The big draw here is not only the bros, but also the booze. Three tap stations serve an array of craft beer and Miller Lite (Nick’s fave), but there’s also Nobilo wine on draft (it’s fancy and it’s good), cocktails on tap, a beer cocktail called Una Noche and non-alcoholic sodas for the teetotalers. Sports and non-sports fans will be able to imbibe their Miller Lite and Mad Tree Thundersnows sitting on barstools at the bar, sitting at one of the high top tables or lounging in the back of the bar on a comfy couch. Or, the ladies can take their business into the bathroom and lounge on couches in there. Note: The ladies room is nicer than most sports bars’ bathrooms. 

But what’s the appeal of a sports bar to those who aren’t into sports? Nick assures, “It’s really about the people. I think I go to places because I want to be around good people and great atmosphere, and this is going to have that, for sure.” 

Like many bars in OTR, Lachey’s will have happy hour, which will be yet another reason to hang out at the bar in hopes of catching a glimpse of the bros. And if you’re into the Pedal Wagon, the bar has a garage that enables the wagon to pedal right into the bar. 

Currently, the only framed photos hanging on the red-hued walls are of The Bengals and Reds, and when asked if he’ll hang photos of 98 Degrees, Nick says, “We’re still decorating.” So here’s hoping some of those ‘90s-era shirtless pictures of the guys will make it onto the wall of shame.

Lachey’s Bar is located at 56 E. 12th St., Over-the-Rhine. For more info, go to lacheys.com.


 
 
by Staff 02.02.2015 29 days ago
 
 
eats_kreugerstavern_700x615

Leftovers: What We Ate This Weekend

A lot of stuff from Walgreens, Packhouse, Krueger's Tavern, Amol and more

Each week CityBeat staffers tell you what they ate this weekend. We're not always proud — or trendy — but we definitely spend at least some money on food. 

Danny Cross: A couple of my friends' girlfriends had a birthday death wish on Saturday night, taking a party of more than 15 to Krueger's Tavern. My girlfriend and I showed up late, kind of assuming everyone would be standing on the Vine Street sidewalk like a bunch of tourists. Apparently, Krueger's will seat your giant party as long as half have arrived, though, and no one was mad when the final two of us showed up like 40 minutes after the reservation time. Krueger's is owned by the same people who run Bakersfield and The Eagle OTR, and its concept is similar: loud, hip atmosphere; really good, relatively inexpensive food; and pretty great service considering how crowded and busy the place is. We split the Cuban sandwich, fries and a kale salad someone told us was going to be awesome (true). It's nice to have an OTR option aside from Taste of Belgium where you can sit down with more than four people without forcing the restaurant to rearrange the entire room. CityBeat food writer Kristen Franke had good things to say about Krueger's last week, so you should probably take her word for it.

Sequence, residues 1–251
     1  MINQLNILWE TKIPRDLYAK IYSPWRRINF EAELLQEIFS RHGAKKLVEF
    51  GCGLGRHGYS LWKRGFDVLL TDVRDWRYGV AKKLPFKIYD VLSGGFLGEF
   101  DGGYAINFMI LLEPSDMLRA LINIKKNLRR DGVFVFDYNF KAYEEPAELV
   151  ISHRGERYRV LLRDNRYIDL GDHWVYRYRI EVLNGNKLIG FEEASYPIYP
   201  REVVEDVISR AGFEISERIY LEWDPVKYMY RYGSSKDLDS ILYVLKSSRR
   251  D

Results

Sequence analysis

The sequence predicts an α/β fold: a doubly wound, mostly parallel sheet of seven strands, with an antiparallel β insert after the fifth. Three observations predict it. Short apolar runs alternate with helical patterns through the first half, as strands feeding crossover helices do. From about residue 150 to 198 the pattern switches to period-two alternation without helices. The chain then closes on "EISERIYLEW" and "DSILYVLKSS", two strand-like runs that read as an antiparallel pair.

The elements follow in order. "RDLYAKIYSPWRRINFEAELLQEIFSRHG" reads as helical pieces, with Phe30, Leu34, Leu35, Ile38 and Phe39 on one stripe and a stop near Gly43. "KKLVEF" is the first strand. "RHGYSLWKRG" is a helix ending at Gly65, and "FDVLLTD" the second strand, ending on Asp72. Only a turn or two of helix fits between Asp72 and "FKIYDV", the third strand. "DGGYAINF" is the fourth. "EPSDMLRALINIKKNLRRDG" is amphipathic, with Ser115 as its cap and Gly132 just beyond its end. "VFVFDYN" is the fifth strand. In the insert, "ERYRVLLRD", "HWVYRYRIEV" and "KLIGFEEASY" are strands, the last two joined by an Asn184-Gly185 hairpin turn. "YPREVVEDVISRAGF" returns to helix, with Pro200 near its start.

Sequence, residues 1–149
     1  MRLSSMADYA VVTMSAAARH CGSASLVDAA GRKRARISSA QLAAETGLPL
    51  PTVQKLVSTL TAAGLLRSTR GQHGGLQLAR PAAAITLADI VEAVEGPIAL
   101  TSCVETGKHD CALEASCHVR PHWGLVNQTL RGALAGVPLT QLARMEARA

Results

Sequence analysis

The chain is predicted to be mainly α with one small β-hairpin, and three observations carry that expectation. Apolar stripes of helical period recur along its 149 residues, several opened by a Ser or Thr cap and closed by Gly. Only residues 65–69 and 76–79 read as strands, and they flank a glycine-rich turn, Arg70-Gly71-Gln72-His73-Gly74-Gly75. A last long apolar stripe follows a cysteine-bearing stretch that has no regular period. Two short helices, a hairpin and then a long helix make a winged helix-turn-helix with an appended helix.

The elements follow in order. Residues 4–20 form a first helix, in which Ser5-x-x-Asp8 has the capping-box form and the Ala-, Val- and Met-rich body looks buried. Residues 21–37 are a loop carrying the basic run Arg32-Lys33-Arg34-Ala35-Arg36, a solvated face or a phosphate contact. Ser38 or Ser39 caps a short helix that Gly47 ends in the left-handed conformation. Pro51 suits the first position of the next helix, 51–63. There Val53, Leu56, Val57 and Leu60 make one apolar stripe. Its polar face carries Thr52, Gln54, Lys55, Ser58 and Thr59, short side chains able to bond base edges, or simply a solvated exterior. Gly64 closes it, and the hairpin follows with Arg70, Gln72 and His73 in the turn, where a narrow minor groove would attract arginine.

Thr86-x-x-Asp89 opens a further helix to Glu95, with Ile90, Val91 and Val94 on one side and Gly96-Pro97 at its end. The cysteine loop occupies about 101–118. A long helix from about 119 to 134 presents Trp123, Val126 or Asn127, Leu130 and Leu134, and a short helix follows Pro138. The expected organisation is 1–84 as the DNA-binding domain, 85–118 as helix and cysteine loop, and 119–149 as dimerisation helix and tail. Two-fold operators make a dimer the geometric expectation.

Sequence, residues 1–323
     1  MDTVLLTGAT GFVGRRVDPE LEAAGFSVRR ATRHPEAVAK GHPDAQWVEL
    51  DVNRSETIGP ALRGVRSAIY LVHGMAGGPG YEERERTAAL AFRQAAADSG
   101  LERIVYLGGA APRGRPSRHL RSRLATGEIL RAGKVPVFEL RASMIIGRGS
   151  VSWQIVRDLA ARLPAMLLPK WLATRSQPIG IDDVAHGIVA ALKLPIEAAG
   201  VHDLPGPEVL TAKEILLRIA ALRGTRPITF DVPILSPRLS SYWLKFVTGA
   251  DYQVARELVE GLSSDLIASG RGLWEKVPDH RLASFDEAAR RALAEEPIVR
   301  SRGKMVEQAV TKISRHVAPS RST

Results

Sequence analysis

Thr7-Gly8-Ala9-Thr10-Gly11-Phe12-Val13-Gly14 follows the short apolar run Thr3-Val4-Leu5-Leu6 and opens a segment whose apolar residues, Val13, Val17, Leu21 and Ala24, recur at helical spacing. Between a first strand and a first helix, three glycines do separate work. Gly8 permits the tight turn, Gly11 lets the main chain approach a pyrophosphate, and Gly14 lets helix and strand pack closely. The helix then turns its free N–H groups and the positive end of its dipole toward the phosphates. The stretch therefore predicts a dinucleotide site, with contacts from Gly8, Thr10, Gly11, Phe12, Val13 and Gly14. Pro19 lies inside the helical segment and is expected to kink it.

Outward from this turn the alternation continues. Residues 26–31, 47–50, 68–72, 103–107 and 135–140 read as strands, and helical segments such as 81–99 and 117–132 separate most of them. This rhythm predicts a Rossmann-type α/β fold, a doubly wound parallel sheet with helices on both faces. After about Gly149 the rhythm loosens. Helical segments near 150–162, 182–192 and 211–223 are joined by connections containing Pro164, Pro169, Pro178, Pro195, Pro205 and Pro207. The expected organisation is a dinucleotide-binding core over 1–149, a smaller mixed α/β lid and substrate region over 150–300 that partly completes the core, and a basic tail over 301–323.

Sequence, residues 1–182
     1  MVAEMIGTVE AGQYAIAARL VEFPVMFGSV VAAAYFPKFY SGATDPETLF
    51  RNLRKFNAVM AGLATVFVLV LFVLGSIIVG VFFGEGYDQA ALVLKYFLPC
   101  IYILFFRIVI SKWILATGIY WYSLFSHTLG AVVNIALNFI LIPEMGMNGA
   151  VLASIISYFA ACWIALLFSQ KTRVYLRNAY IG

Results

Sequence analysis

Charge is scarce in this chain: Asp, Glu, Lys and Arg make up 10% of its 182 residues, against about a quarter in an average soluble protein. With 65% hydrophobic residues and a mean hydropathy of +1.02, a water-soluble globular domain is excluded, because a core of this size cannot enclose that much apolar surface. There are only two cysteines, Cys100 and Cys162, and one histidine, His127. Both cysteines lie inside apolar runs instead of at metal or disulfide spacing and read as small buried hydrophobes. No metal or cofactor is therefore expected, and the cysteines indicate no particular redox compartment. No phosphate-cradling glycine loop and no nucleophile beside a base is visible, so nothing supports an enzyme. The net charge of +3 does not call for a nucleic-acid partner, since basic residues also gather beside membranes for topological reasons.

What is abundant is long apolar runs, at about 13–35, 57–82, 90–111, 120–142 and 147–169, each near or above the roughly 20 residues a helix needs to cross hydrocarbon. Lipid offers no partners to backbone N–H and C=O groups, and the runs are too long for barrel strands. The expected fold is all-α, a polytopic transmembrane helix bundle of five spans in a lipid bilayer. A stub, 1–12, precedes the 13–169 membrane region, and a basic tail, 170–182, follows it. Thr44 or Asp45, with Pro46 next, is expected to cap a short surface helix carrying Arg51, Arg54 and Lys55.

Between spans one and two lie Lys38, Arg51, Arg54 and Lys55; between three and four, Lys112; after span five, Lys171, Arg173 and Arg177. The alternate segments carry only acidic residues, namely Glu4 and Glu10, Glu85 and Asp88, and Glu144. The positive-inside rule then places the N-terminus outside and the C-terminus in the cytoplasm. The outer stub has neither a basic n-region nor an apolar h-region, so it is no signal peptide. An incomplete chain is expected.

Jac Kern
: I’ll tell you where I did not eat: Bridalrama. Cupcakes and macaroons and cakes at every corner, and I didn't touch any of it. I was proud of my self-control until the next day when Jeff insisted on ordering Pizza Hut during the Super Bowl. And we're not talking some regular fattening pizza. No, we had to order the Triple Cheese Covered Stuffed Crust Pizza. So, needless to say, any pride I had left was gone at this point. I wanted to be disgusted by it but I reluctantly found it really tasty. 

Rebecca Sylvester: Best Friday night: ordered too much Indian food and went to sleep. Since it was obviously too cold to leave the house, my boo and I took advantage of the fact that Amol delivers and made someone else deal with the frigid 2.5-mile trek between their kitchen and my couch. The food was great, but the best part of the meal was the fact that their delivery minimum is $25, meaning it is just a dollar or two out of reach of ordering only two entrees, so we were (I was) justified in ordering A THIRD ENTREE for additional feasting. 

Mike Breen: I largely had a depressed, shut-in kind of weekend, for which I loaded up on supplies from that gourmet food haven Walgreens and barely left my apartment. The cashier told me we might get eight inches of snow over the weekend as I checked out; even though I knew that wasn’t true, I hoped my sad purchases were seen as “stocking up” for the impending Snowmageddon (or at least as treats I was taking to a Super Bowl party). I should have grabbed a bag of rock salt to make it look less pathetic.

Along with the wasabi-flavored almonds, the best thing I grabbed on my junk food spree was a pint of Ben & Jerry’s Truffle Trifecta, which I first discovered last year. It’s only available at Walgreens (which seems weird; B&J’s also has “exclusive” flavors at Target, which is somewhat understandable, but Walgreens seems to be a weird place to have to go to score ice cream). It’s Ben & Jerry’s, so of course it’s really good. And pretty simple — chocolate ice cream with marshmallow, fudge and caramel-filled truffle candy. It’s become one of my favorite Ben & Jerry’s flavors.